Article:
Learn about sketches (programs) in the Arduino Cloud.

A sketch is a file where we write programs to run on our Arduino boards. Sketches have a

extension, which supports the Arduino programming language (a variant of C++).

The Arduino Cloud has two categories of sketches:

  • Regular sketch - a single
    file where you write a program. These sketches can be used for any Arduino board.
  • IoT Sketch - a set of files that are automatically generated when creating a Thing. This includes an
    file and two header (
    ) files that contain your Thing configuration + credentials. Only available for boards with IoT support.

In this document we will take a look at how to use sketches in the Arduino Cloud environment.

If you need help getting started with programming your Arduino in the online environment, check out the Cloud Editor tutorial.

Access Your Sketches

You can access all your sketches at, where you can easily select between your regular sketches and IoT sketches.

Sketches in the Arduino Cloud.
Sketches in the Arduino Cloud.

Clicking on each sketch will direct you to the Cloud Editor, which is an online version of the Arduino IDE. Here you can write a program, compile it and upload it to your board.

To get started with the Cloud Editor, check out the Cloud Editor tutorial.

Regular Sketches

A regular sketch in the Arduino Cloud is exactly like a sketch used in the Arduino IDE, with no difference whatsoever. You can take a sketch from the online IDE and compile it in the offline IDE.

A regular sketch only has two minimum requirements: the inclusion of the

void loop()
void setup()
functions, which are required for any Arduino sketch.

1void setup(){
2 //code runs once
5void loop(){
6 //code loops infinitely

If you are new to the Arduino environment, you can check out the Language Reference, which contains all the functions that you can use for all Arduino boards.

For specific features of a board, make sure to check out the hardware documentation.

IoT Sketches

IoT sketches are more complex and are generated automatically when you create a Thing and variables.

Read more about this in the Automatic Sketch Generation documentation.

Sketch File

The sketch file is generated with a set of additional Cloud-specific methods included, the essentials being:

  • initProperties()
    - initializes properties/variables from your Thing.
  • ArduinoCloud.begin()
    starts the library with the preferred connection (e.g. Wi-Fi® or LoRaWAN®).
  • ArduinoCloud.update()
    - synchronizes all data between the board and the Arduino Cloud.

In addition, any variable created with a read/write permission will also generate a callback function that executes whenever the variable's value changes.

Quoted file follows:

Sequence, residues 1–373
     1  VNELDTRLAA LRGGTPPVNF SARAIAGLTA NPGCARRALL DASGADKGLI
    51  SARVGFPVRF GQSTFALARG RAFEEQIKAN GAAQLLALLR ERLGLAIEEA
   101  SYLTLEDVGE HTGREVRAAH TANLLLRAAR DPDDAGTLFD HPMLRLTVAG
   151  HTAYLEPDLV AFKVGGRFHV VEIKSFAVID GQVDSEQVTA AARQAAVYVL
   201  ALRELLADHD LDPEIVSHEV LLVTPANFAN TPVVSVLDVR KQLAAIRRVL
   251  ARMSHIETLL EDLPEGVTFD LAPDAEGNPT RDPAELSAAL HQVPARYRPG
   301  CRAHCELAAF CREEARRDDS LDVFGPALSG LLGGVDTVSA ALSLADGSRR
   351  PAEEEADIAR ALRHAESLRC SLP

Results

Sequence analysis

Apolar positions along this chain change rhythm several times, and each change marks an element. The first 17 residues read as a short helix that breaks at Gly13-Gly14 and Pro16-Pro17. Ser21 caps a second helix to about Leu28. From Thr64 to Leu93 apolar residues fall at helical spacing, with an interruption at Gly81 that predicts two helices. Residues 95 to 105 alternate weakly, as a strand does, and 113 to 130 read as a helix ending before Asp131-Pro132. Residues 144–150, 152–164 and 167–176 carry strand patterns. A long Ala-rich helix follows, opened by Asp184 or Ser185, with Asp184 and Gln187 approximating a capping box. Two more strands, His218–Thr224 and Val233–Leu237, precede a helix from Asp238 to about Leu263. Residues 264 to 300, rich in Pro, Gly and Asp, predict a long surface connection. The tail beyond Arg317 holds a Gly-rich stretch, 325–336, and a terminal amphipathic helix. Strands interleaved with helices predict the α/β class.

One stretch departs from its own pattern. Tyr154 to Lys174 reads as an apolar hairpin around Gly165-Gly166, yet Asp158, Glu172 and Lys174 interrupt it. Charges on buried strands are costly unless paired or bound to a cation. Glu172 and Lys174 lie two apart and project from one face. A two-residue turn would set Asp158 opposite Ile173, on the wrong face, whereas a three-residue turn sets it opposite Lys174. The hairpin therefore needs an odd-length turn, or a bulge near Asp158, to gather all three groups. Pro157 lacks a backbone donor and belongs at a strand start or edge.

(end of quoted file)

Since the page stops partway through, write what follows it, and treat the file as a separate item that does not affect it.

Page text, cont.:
• If you create a variable called
    , the function will render as
    void onTestChange(){}

Below is an example of how a default sketch looks like:

1#include "thingProperties.h"
3void setup(){
4 Serial.begin(115200);
5 delay(1500);
7 //initialize the variables/properties
8 initProperties();
10 //debug information
11 ArduinoCloud.begin(ArduinoIoTPreferredConnection);
12 setDebugMessageLevel(2);
13 ArduinoCloud.printDebugInfo();
15void loop() {
16 //sync with Cloud
17 ArduinoCloud.update();
20void onTestChange(){
21 /*
22 callback function, runs each time
23 the variable value changes
24 */

Configuration Header File


file is a non-editable file that updates based on changes made in your Thing. For example:

  • Creating a variable will add it to this file, along with parameters such as permission, update policy, variable type etc.
  • Changing from a Wi-Fi® device to a LoRa® device will update the connection method stored in this file,

The file cannot be edited in the Arduino Cloud as it is in sync with the platform and changes frequently.

Secret File

The "Secret" File contains your secret credentials, such as Wi-Fi® network SSID/PASS or device secret key.

This file will be visible as a "Secret" tab in the Cloud Editor and is named

, which is not visible on the Cloud platform.

Note that if you are using the offline IDE / Arduino CLI, you will need to manually create this file. More information is in the Offline Sketches section just below.

Offline Sketches

The Arduino Cloud provides an all-inclusive service for programming, uploading and monitoring your boards. While it is necessary to use the Arduino Cloud for configurations, you do not need to use the Cloud Editor for programming.

It is possible to work in an offline environment (such as Arduino IDE), which for many might be more desirable. To set this up, there are a few requirements and setbacks:

The Remote Sketchbook feature is great as you can push/pull your sketches from the Arduino Cloud. So if your